Power To The Pedal

Competition Details


by Pepin Gelardi
Co-authors: Teresa Herrmann

THE ROAD: A bicyclist on the road often feels that they are under assault by passing vehicles. Particularly in cities where bicyclists seem rare, motor vehicles aggressively dominate the road, discouraging potential bicyclists from joining in.

THE CONTRAIL: Contrail is a small bright bike accessory that allows bicyclists to color in their own space on the road. It’s like playing with sidewalk chalk, but faster.

THE WORKS: Contrail holds 200 grams of chalk, enough for about 20 miles (32km) of riding. It functions much like a carpenter’s chalk line: A small amount of powdered chalk is filtered through a brush inside the device and picked up on a felt wheel. The felt wheel transfers this chalk onto the rear tire leaving a fine layer. As chalk builds up, the tire leaves a faint line of color on the roadbed. This is you contrail. It is a colorful and ephemeral representation of your path.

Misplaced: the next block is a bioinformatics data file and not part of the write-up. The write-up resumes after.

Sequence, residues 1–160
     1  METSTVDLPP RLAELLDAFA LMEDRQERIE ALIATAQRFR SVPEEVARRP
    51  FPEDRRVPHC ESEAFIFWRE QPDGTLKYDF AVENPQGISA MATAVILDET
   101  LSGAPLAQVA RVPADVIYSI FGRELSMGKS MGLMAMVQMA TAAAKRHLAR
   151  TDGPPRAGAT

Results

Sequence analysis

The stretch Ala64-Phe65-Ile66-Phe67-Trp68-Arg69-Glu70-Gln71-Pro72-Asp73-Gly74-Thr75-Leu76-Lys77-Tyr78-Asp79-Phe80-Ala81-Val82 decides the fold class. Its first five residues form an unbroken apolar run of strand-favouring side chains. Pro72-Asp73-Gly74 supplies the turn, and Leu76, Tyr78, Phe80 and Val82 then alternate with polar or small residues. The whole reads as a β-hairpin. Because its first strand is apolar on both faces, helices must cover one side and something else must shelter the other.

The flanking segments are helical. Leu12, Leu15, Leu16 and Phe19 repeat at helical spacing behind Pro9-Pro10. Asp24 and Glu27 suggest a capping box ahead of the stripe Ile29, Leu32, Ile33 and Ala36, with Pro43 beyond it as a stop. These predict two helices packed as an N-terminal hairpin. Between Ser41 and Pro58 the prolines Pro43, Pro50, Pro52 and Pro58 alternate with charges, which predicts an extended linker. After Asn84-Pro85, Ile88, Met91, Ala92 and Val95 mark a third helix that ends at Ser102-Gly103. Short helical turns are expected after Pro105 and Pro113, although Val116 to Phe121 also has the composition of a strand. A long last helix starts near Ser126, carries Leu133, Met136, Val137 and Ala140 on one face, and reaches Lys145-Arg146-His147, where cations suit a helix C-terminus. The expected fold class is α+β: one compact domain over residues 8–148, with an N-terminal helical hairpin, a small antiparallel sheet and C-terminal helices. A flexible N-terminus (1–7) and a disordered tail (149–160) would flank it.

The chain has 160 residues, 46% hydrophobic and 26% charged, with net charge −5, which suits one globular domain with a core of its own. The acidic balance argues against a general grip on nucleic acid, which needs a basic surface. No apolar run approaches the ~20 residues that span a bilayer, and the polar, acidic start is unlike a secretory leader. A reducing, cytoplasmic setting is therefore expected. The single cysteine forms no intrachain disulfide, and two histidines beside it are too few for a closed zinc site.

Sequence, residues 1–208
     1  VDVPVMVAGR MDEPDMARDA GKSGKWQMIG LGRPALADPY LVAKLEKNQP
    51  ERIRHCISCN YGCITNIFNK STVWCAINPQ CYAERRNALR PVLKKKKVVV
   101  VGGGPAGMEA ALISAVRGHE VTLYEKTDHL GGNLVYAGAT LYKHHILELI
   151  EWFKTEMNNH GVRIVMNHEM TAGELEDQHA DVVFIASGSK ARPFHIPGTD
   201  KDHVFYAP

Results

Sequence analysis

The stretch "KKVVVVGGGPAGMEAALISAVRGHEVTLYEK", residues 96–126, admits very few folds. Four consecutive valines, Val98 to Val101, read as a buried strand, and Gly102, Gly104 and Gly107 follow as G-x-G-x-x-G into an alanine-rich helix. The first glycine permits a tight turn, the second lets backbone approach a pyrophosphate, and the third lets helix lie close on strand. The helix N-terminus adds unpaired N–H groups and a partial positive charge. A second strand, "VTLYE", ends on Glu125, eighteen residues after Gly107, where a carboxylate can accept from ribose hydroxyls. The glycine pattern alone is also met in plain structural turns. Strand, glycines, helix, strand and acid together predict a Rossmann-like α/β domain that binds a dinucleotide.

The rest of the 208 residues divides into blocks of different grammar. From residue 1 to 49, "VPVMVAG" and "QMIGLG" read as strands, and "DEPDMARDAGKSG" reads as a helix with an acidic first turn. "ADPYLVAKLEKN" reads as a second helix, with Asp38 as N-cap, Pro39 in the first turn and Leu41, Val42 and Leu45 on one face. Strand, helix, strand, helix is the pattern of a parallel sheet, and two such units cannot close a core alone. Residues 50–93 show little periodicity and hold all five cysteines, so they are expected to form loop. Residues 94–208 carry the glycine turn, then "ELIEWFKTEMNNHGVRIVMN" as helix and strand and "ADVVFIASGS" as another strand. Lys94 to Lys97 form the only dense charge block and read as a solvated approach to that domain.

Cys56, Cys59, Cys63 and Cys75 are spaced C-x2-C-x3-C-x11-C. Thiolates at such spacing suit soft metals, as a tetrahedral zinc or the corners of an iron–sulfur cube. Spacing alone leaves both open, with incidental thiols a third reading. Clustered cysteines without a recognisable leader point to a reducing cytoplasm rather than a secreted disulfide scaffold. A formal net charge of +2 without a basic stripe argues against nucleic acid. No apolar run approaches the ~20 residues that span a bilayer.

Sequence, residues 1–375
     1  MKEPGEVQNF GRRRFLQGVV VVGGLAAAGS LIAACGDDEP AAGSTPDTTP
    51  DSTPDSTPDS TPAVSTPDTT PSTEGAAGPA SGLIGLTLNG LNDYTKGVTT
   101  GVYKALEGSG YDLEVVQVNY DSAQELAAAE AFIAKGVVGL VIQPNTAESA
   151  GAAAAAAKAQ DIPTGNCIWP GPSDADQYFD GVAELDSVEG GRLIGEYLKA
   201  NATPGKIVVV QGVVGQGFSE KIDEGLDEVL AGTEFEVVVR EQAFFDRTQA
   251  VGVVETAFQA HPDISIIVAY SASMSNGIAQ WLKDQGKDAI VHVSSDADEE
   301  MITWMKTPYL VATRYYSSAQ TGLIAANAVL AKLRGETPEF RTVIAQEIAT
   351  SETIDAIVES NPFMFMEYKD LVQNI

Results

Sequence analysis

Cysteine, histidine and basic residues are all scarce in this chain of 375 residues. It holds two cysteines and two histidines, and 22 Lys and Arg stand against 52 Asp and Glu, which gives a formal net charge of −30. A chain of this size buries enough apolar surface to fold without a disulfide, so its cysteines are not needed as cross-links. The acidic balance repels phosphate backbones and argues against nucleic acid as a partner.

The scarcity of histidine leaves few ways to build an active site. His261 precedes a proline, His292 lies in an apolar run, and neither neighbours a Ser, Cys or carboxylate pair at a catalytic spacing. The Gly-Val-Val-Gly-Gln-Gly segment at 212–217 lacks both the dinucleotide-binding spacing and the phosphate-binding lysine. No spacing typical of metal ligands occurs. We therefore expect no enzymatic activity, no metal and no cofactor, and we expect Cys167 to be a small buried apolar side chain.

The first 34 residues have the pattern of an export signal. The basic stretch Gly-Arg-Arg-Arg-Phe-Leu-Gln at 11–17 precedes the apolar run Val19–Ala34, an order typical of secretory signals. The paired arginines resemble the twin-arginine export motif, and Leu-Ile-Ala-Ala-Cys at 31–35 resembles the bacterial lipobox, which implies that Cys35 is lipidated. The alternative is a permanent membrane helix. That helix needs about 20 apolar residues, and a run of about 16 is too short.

JOIN IN: Making your mark is easy. (1) The device snaps onto the rear seat tube just below the seatstays with the felt wheel resting lightly on the rear tire. A custom molded rubber band holds Contrail in place. Rubber shims may be used to insure a tight fit. (2) Once you begin to ride, you’ve already started to contribute to the strength of the community and the safety of your fellow riders. Your path becomes evident and lets others know where you’ve been. (3) The more riders present, the brighter the community’s paths become. Motor vehicles become more aware of our presence and potential riders find themselves encouraged to join in.

NOTES: The housing is made from durable recycled HDPE and the felt wheel from recycled cotton. We chose chalk because it is eco-sensitive, non-toxic and temporary. Like a jet’s contrail, the lines on the road will fade with time and rain. Chalk powder refills are already available in red, white, blue and green at hardware stores world-wide. Or they could be purchased in a full rainbow of colors online.

["skittle bikes" photo by Jessi Pervola, used with permission]